The study concluded that blood culture contamination can have "devastating clinical consequences for patients" including "increased length of stay, vancomycin days of therapy, hospital costs, acute kidney injury, and in-hospital patient mortality". Given these findings, the researchers emphasized the importance of mitigating unnecessary blood culture contamination with novel interventions and a culture of quality change to reduce the negative burden of this essential diagnostic test.
"Blood culture contamination is an underrecognized adverse event in hospitalized patients that increases negative clinical outcomes by directly placing our patients at unnecessary risk," said Dr. Ryan K. Dare, co-author and Associate Professor of Medicine, Infectious Diseases Specialist, and Medical Director of the Antimicrobial Stewardship Program at University of Arkansas for Medical Sciences Health.
"It is imperative for hospital systems to make decreasing blood culture contamination a priority to improve safety for patients under our care. Sterile technique for blood culture collection remains difficult to achieve in high-risk individuals and in high-risk settings such as emergency departments. Access to an initial specimen diversion device that is user friendly, cost effective, and successful at decreasing rates of contamination represents a game changer for patient safety and opportunity to dramatically improve patient outcomes," said Dr. Dare.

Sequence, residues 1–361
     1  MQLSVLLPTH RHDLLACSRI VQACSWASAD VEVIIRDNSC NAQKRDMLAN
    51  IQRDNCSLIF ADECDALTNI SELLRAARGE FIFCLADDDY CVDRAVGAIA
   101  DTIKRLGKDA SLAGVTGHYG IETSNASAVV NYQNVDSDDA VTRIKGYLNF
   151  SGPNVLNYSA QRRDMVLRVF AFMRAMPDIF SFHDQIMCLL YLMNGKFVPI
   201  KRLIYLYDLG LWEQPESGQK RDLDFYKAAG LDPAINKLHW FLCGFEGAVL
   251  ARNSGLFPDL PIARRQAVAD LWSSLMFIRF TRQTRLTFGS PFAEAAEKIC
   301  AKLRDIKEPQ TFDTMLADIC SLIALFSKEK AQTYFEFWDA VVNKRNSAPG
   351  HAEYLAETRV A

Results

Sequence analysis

"This study includes one of the largest data sets to date examining and directly quantifying the preventable consequences of blood culture contamination on patient safety and clinical outcomes," said Greg Bullington, CEO and Co-Founder of Magnolia Medical.
"This definitive data adds to the substantial body of evidence that already exists demonstrating that contaminated blood culture results drive avoidable, severely negative outcomes for patients and the healthcare system, including increased costs, inappropriate antibiotic usage that contributes to the rise of multidrug-resistant organisms, increased length of stay, and other preventable adverse events. Given these implications, we remain committed to partnering with all hospitals and health systems in their mission to achieve zero blood culture contaminations and zero patients harmed. We have already supported hundreds of U.S. hospitals and healthcare systems in achieving sustained near-zero blood culture contamination rates with the Steripath® Initial Specimen Diversion Device® and are encouraged by our continued rapid growth as we expand the footprint of hospitals we are enabling to address this significant problem," concluded Bullington.